Avery Cooper didn’t know he wanted to be an engineer when he was a student at L.C. Bird High School in Chesterfield County in the late 1990s. But then he was recruited to the school’s FIRST Robotics team. “That changed everything,” says Cooper. “Robotics really opened my eyes.” Bitten by the engineering bug, Cooper went on to be Virginia State University’s first engineering graduate. And, after eight years designing highways from California to Maine, Cooper felt the call to share his engineering knowledge with young people.
Last fall, Cooper signed on as a brand new math and science teacher at Richmond’s Armstrong High School. He rounded up a dozen students, started up a FIRST Robotics team and entered this year’s FIRST Tech Challenge. FIRST participants design, build and operate remote controlled robots to compete in high energy contests. Along the way they learn science, teamwork, and real world problem solving skills. Cooper’s students didn’t hold back naming the team. “elecraCats the robotic dynasty” is Armstrong High School’s first-ever FIRST Robotics team.
Cooper wants to build on the team and hopes to introduce engineering and robotics into Armstrong’s curriculum. “I just hope to get the kids inspired to see the opportunities out there for them,” said Cooper. “I want the kids to think beyond the usual paths of sports and music. I told my team members this is like the Super Bowl of engineering, with scholarships.” Students on FIRST Robotics teams are eligible to be considered for more than $19 million in college scholarships.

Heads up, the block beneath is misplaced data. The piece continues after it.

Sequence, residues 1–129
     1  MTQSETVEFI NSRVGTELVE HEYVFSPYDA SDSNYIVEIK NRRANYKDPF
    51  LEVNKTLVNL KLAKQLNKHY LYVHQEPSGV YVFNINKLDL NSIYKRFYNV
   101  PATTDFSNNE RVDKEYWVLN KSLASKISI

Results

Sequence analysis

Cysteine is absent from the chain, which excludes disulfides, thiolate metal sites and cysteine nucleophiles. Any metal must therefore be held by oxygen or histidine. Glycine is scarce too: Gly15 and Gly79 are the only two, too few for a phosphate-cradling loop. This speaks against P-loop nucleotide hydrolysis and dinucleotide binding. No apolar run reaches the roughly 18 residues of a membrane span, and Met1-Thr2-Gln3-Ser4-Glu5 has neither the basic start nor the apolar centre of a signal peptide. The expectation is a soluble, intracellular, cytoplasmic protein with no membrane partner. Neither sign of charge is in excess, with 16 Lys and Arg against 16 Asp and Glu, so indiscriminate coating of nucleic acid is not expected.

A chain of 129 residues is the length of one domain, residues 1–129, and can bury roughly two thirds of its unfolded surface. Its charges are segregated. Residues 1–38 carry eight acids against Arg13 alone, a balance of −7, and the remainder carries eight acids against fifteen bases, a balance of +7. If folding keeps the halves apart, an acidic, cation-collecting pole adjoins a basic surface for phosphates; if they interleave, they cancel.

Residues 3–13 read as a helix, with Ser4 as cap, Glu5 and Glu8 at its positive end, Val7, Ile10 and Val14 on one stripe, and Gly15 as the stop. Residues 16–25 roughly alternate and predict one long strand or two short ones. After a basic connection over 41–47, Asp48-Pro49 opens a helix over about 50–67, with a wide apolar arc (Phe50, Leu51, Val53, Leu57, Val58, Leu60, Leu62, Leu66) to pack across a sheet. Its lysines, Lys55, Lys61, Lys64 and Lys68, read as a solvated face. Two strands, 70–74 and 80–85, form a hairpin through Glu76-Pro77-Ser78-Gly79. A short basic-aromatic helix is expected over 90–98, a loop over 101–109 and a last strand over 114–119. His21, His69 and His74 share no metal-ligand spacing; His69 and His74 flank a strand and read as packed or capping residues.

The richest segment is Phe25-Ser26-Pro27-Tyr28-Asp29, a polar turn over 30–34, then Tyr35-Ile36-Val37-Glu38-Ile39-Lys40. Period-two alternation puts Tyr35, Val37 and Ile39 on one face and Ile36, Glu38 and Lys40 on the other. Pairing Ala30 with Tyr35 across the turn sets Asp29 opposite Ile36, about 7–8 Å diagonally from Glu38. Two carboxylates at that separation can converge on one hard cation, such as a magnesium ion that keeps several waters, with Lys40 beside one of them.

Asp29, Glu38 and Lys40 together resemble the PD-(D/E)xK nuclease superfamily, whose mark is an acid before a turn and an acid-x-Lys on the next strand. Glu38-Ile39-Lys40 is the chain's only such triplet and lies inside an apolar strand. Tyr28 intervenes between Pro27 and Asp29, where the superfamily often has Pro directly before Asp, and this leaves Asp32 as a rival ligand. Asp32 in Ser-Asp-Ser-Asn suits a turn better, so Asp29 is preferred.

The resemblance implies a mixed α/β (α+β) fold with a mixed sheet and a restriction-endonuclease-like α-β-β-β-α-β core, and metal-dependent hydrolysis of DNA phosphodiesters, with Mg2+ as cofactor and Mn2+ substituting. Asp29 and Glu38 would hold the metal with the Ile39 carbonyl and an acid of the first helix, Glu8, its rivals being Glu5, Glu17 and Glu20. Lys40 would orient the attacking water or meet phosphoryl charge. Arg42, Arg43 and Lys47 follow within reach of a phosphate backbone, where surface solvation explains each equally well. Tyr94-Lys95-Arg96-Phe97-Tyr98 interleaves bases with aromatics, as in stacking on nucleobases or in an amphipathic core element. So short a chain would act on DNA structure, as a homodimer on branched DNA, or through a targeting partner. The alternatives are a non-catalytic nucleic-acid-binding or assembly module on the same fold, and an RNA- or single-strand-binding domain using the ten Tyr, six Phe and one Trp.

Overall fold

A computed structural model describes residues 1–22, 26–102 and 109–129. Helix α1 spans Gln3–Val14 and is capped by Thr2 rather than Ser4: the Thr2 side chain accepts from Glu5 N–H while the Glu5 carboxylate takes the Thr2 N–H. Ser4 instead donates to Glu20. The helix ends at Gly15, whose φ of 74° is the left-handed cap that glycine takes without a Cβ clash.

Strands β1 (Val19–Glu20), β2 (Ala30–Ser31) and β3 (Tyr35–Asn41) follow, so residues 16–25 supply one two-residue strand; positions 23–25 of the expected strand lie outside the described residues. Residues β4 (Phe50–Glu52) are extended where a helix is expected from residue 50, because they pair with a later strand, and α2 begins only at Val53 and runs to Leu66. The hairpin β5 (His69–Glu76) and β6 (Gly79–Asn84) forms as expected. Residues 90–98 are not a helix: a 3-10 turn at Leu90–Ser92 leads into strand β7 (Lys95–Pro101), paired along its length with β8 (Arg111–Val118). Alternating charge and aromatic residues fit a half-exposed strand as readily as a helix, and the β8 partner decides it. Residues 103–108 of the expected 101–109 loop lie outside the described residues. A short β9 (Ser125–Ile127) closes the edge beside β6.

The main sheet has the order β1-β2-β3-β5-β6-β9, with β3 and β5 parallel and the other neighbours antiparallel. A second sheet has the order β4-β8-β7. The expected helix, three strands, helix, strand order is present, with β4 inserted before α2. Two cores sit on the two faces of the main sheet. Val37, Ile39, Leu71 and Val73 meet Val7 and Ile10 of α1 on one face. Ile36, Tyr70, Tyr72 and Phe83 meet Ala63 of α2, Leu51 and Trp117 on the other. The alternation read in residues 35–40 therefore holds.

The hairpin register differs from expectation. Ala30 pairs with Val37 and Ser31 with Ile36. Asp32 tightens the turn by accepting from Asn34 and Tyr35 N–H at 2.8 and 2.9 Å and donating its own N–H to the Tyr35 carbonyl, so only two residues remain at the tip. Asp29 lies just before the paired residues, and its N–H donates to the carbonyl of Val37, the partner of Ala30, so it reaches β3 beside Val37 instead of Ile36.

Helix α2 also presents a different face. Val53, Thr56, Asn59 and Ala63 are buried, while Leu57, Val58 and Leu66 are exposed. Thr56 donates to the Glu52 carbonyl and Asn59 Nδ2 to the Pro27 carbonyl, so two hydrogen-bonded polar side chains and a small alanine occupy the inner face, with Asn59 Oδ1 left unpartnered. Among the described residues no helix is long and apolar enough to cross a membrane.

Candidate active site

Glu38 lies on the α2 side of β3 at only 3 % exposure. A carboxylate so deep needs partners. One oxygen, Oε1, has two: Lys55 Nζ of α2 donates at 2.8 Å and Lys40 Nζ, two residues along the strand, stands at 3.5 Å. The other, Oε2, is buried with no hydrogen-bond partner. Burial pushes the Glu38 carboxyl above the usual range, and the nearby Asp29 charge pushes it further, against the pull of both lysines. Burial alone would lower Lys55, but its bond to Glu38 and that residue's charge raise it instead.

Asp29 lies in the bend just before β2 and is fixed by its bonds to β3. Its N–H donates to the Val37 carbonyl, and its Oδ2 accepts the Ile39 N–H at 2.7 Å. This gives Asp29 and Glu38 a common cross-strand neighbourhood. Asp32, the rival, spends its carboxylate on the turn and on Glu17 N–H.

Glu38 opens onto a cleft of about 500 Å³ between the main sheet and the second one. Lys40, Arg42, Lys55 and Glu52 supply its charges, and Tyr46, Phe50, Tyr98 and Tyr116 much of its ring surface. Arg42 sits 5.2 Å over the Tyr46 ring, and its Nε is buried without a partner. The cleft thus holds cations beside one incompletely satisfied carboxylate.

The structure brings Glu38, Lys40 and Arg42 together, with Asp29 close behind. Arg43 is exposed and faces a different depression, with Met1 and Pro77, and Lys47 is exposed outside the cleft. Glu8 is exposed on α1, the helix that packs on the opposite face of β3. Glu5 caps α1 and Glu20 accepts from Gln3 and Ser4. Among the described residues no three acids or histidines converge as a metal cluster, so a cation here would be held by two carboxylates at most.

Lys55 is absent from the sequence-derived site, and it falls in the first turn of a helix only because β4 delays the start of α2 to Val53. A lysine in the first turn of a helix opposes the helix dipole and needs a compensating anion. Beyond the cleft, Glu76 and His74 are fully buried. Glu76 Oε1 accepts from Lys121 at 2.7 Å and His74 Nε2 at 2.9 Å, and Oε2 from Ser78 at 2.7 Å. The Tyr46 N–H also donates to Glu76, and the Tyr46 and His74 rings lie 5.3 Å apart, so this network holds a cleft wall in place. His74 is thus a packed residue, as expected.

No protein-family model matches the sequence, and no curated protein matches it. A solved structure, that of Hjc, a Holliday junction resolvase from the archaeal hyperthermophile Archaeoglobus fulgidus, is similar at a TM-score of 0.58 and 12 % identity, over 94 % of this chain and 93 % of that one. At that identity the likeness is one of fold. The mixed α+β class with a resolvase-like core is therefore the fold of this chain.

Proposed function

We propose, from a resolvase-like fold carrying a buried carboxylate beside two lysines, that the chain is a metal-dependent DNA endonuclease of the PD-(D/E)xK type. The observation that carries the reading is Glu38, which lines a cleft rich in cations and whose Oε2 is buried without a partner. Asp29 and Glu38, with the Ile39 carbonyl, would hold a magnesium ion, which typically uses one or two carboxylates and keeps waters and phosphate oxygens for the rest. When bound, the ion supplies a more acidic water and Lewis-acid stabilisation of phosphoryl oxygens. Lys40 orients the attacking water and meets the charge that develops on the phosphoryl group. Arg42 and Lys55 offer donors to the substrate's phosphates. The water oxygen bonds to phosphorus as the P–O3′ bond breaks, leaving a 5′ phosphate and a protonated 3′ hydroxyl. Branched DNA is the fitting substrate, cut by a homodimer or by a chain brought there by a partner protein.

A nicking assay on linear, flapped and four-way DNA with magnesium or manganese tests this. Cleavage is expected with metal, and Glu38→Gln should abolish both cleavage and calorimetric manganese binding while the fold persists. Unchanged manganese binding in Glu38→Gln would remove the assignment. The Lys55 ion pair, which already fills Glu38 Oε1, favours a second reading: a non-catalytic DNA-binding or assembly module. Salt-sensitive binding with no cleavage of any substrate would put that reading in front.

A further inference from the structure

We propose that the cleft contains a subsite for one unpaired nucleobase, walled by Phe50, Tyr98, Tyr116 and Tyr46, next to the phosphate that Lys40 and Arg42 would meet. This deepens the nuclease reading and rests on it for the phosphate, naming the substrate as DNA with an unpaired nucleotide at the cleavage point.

“My dad’s a mechanic, he encouraged me to do this,” says team member Destiny Witcher. “I’d been thinking of forensics or psychiatry, but I could see myself doing engineering or robotics now.”
“At first, this all seemed pretty intimidating,” acknowledged Armstrong senior Da’Qwyn Venzen. “But Mr. Cooper has given us the encouragement that we need, to not doubt ourselves. Lots of us can do this, as long as we have motivation. It’s opened a lot of eyes about the endless amount of things we can do.”
“At first, it just started off as something to put on my college applications, but it’s turned into much more”, said fellow student Ene´ Hargrove. “I don’t think there’s any need for me to limit myself because I’m a woman. If the guys can do it, so can I.”
“I basically want to give the kids what was offered to me,” explains Cooper. “I had a teacher in the 10th grade who brought me to engineering and that made me want to become a design engineer. So ten years later, here I am!”
To learn more about FIRST Robotics, visit virginiafirst.org.
Story by Jim Babb; photos by Jim Babb and Bill Sigafoos
Audio by John Ogle, 88.9 WCVE FM